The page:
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类型【址:a g 9 559⒐ v i p】1:刘良成 大小:uU81JQw098788KB 下载:aoYYNfCN70880次
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日期:2020-08-12 07:09:22
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阿斯彭

1.【址:a g 9 559⒐ v i p】1  "We were frightened out of our senses by his loud voice andmonstrous form, but I managed to say, 'We are Achaeans on our way homefrom Troy, but by the will of Jove, and stress of weather, we havebeen driven far out of our course. We are the people of Agamemnon, sonof Atreus, who has won infinite renown throughout the whole world,by sacking so great a city and killing so many people. We thereforehumbly pray you to show us some hospitality, and otherwise make ussuch presents as visitors may reasonably expect. May your excellencyfear the wrath of heaven, for we are your suppliants, and Jove takesall respectable travellers under his protection, for he is the avengerof all suppliants and foreigners in distress.'
2.  "Father Jove," he cried, "and all you other blessed gods who livefor ever, come here and see the ridiculous and disgraceful sightthat I will show you. Jove's daughter Venus is always dishonouringme because I am lame. She is in love with Mars, who is handsome andclean built, whereas I am a cripple- but my parents are to blame forthat, not I; they ought never to have begotten me. Come and see thepair together asleep on my bed. It makes me furious to look at them.They are very fond of one another, but I do not think they will liethere longer than they can help, nor do I think that they will sleepmuch; there, however, they shall stay till her father has repaid methe sum I gave him for his baggage of a daughter, who is fair butnot honest."
3.  THUS, then, did Ulysses wait and pray; but the girl drove on tothe town. When she reached her father's house she drew up at thegateway, and her brothers- comely as the gods- gathered round her,took the mules out of the waggon, and carried the clothes into thehouse, while she went to her own room, where an old servant,Eurymedusa of Apeira, lit the fire for her. This old woman had beenbrought by sea from Apeira, and had been chosen as a prize forAlcinous because he was king over the Phaecians, and the people obeyedhim as though he were a god. She had been nurse to Nausicaa, and hadnow lit the fire for her, and brought her supper for her into herown room.
4.  As he said this Euryclea left the cloister to fetch some more water,for the first had been all spilt; and when she had washed him andanointed him with oil, Ulysses drew his seat nearer to the fire towarm himself, and hid the scar under his rags. Then Penelope begantalking to him and said:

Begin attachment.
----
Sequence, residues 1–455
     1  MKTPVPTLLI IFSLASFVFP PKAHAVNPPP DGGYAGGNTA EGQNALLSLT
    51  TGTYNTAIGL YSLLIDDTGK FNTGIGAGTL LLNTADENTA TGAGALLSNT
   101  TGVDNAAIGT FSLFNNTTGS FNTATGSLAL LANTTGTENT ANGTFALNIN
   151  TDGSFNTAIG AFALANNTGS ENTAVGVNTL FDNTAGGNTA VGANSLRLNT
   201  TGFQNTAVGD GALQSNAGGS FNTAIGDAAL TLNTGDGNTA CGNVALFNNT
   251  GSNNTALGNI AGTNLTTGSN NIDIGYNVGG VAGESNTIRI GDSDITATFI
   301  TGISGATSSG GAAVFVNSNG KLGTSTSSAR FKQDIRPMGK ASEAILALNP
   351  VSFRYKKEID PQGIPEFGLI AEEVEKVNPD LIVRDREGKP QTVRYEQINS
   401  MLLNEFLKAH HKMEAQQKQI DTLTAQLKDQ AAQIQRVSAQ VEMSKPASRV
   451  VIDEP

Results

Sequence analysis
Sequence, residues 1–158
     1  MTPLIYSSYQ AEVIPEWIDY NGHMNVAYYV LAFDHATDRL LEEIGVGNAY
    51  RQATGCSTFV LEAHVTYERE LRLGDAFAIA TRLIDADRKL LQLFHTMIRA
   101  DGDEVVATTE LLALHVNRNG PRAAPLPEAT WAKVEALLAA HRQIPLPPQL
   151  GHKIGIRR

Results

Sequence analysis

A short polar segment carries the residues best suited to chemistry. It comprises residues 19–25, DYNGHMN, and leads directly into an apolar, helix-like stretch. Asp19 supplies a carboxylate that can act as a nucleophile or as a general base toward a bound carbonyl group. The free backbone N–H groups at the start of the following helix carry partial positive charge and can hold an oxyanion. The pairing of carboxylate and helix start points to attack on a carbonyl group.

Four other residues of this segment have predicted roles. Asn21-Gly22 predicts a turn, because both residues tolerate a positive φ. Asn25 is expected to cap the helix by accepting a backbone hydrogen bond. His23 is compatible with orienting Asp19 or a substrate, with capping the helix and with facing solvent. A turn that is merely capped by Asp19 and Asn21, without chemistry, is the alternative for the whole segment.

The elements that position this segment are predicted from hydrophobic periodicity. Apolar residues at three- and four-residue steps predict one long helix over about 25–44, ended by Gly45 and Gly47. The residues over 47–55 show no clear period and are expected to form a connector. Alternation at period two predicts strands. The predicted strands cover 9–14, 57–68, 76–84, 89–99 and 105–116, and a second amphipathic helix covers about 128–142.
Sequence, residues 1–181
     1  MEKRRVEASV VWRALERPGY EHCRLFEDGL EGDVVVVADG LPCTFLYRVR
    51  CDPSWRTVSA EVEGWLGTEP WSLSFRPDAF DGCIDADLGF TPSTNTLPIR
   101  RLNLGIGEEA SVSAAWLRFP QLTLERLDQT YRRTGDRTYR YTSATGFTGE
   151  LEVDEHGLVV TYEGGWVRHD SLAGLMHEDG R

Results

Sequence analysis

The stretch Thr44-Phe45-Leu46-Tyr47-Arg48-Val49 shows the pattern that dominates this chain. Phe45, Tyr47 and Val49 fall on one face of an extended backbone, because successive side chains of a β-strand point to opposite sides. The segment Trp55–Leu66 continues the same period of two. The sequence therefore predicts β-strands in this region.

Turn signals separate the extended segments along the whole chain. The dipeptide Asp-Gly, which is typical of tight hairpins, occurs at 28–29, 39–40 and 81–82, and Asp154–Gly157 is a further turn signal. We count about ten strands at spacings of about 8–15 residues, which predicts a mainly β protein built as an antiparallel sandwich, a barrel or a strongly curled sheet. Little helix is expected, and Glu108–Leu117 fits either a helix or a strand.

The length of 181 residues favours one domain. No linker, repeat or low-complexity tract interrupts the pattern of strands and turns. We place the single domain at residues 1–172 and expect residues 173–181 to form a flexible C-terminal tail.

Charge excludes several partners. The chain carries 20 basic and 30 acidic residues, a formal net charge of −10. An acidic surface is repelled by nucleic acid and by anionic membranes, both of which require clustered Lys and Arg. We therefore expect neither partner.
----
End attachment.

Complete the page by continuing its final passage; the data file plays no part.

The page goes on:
5.  "Stranger," replied Eumaeus, "as regards your question: sit still,make yourself comfortable, drink your wine, and listen to me. Thenights are now at their longest; there is plenty of time both forsleeping and sitting up talking together; you ought not to go to bedtill bed time, too much sleep is as bad as too little; if any one ofthe others wishes to go to bed let him leave us and do so; he can thentake my master's pigs out when he has done breakfast in the morning.We two will sit here eating and drinking in the hut, and telling oneanother stories about our misfortunes; for when a man has sufferedmuch, and been buffeted about in the world, he takes pleasure inrecalling the memory of sorrows that have long gone by. As regardsyour question, then, my tale is as follows:
6.  Meantime the suitors went on board and sailed their ways over thesea, intent on murdering Telemachus. Now there is a rocky islet calledAsteris, of no great size, in mid channel between Ithaca and Samos,and there is a harbour on either side of it where a ship can lie. Herethen the Achaeans placed themselves in ambush.

计划指导

1.  "'Cyclops,' said I, 'you should have taken better measure of yourman before eating up his comrades in your cave. You wretch, eat upyour visitors in your own house? You might have known that your sinwould find you out, and now Jove and the other gods have punishedyou.'